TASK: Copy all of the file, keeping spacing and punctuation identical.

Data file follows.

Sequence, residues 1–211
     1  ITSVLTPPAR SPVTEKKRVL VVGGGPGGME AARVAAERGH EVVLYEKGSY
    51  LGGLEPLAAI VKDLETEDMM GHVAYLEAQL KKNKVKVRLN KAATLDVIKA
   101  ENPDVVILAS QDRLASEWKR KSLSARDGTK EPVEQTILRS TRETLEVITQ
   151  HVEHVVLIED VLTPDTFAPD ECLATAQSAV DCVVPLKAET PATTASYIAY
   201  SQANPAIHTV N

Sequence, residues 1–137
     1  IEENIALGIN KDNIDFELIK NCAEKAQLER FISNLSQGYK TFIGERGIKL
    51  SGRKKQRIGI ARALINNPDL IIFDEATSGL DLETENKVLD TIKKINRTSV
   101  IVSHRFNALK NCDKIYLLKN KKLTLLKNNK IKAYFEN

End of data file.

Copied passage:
Sequence, residues 1–211
     1  ITSVLTPPAR SPVTEKKRVL VVGGGPGGME AARVAAERGH EVVLYEKGSY
    51  LGGLEPLAAI VKDLETEDMM GHVAYLEAQL KKNKVKVRLN KAATLDVIKA
   101  ENPDVVILAS QDRLASEWKR KSLSARDGTK EPVEQTILRS TRETLEVITQ
   151  HVEHVVLIED VLTPDTFAPD ECLATAQSAV DCVVPLKAET PATTASYIAY
   201  SQANPAIHTV N

Sequence, residues 1–137
     1  IEENIALGIN KDNIDFELIK NCAEKAQLER FISNLSQGYK TFIGERGIKL
    51  SGRKKQRIGI ARALINNPDL IIFDEATSGL DLETENKVLD TIKKINRTSV
   101  IVSHRFNALK NCDKIYLLKN KKLTLLKNNK IKAYFEN